Acute Cerebellitis or Postinfectious Cerebellar Ataxia? Clinical and Imaging Features in Acute Cerebellitis


Yildirim M. , GÖÇMEN R. , KONUŞKAN B. , PARLAK Ş. , YALNIZOĞLU D. , Anlar B.

JOURNAL OF CHILD NEUROLOGY, vol.35, no.6, pp.380-388, 2020 (Journal Indexed in SCI) identifier identifier identifier

  • Publication Type: Article / Article
  • Volume: 35 Issue: 6
  • Publication Date: 2020
  • Doi Number: 10.1177/0883073820901407
  • Title of Journal : JOURNAL OF CHILD NEUROLOGY
  • Page Numbers: pp.380-388

Abstract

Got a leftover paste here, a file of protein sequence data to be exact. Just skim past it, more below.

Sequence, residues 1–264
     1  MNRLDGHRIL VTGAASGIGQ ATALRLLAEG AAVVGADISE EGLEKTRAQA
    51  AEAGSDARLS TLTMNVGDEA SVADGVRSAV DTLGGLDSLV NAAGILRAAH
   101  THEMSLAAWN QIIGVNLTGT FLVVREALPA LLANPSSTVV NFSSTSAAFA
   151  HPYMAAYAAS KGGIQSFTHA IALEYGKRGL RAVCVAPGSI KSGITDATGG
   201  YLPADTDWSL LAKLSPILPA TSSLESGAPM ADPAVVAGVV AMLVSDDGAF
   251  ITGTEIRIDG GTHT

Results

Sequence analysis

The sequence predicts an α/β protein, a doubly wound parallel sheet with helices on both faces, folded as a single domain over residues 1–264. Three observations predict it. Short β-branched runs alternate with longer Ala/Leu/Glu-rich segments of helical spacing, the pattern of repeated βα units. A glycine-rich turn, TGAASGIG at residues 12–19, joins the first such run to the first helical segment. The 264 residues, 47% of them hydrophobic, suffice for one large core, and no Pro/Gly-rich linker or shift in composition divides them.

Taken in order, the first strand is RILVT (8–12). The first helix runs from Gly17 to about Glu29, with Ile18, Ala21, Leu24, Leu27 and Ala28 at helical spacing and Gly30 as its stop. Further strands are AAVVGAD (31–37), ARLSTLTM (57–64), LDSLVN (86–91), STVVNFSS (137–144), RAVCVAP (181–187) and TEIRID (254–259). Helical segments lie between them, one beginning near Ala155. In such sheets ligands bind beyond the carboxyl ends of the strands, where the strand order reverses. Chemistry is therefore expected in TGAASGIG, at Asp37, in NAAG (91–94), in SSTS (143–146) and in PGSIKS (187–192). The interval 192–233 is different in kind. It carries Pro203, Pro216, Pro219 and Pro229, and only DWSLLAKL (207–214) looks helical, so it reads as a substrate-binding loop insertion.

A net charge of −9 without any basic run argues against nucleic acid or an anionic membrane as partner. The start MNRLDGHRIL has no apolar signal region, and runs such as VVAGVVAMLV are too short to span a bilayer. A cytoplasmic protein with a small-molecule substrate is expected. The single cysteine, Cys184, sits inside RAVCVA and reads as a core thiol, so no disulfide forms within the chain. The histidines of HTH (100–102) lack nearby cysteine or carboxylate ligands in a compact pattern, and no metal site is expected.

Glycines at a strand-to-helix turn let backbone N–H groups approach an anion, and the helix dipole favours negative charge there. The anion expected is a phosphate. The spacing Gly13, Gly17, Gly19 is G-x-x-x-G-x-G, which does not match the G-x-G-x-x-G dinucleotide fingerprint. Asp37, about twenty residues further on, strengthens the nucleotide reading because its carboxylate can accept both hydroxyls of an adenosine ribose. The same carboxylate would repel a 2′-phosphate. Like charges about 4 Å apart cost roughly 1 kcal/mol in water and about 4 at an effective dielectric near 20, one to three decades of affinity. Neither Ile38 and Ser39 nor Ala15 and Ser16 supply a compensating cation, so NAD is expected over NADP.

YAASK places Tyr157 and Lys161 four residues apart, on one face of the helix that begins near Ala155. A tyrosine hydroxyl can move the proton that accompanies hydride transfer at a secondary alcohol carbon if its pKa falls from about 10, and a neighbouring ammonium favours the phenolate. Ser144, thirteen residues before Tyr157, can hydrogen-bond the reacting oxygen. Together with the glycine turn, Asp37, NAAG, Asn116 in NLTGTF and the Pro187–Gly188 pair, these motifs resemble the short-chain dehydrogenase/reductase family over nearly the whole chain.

Acute cerebellitis is a rare condition often considered within the group of acute postinfectious cerebellar ataxia despite its distinctive clinical and imaging features. We retrieved clinical, laboratory, and follow-up data of 15 children diagnosed with acute cerebellitis in our department between 2011 and 2019. There were 10 boys and 5 girls aged 3-15 years, median 9.5 years. The most common first symptoms were ataxia, vomiting, and headache. Magnetic resonance imaging (MRI) generally showed bilateral symmetrical T2 hyperintense changes with moderate swelling in the cerebellar cortex. Tonsillar herniation was present in 73.3% and obstructive hydrocephalus in 26.6%. Etiologic workup for infectious pathogens revealed Mycoplasma pneumoniae, influenza A virus, cytomegalovirus, and varicella zoster virus in 1 case each. Fourteen of 15 patients were treated with intravenous and/or oral steroids and 8 cases with intravenous immunoglobulin. No patient required surgical decompression. Neurologic examination median 12 months later revealed ataxia and dysmetria in 4 cases (27%), accompanied by memory difficulties, dysarthria or tremor. Follow-up magnetic resonance imaging (MRI; n = 12) showed diffuse cerebellar cortical T2-hyperintense signal changes in 11 cases and cerebellar atrophy in 9. The diagnosis of acute cerebellitis rather than acute postinfectious cerebellar ataxia should be considered when headache and vomiting accompany ataxia in a child. Acute cerebellitis heals with sequelae in about one-third of cases. The absence of fatalities in our series suggests early diagnosis, and steroid treatment can increase the chance of recovery. MRI results were not found to be predictive of outcome.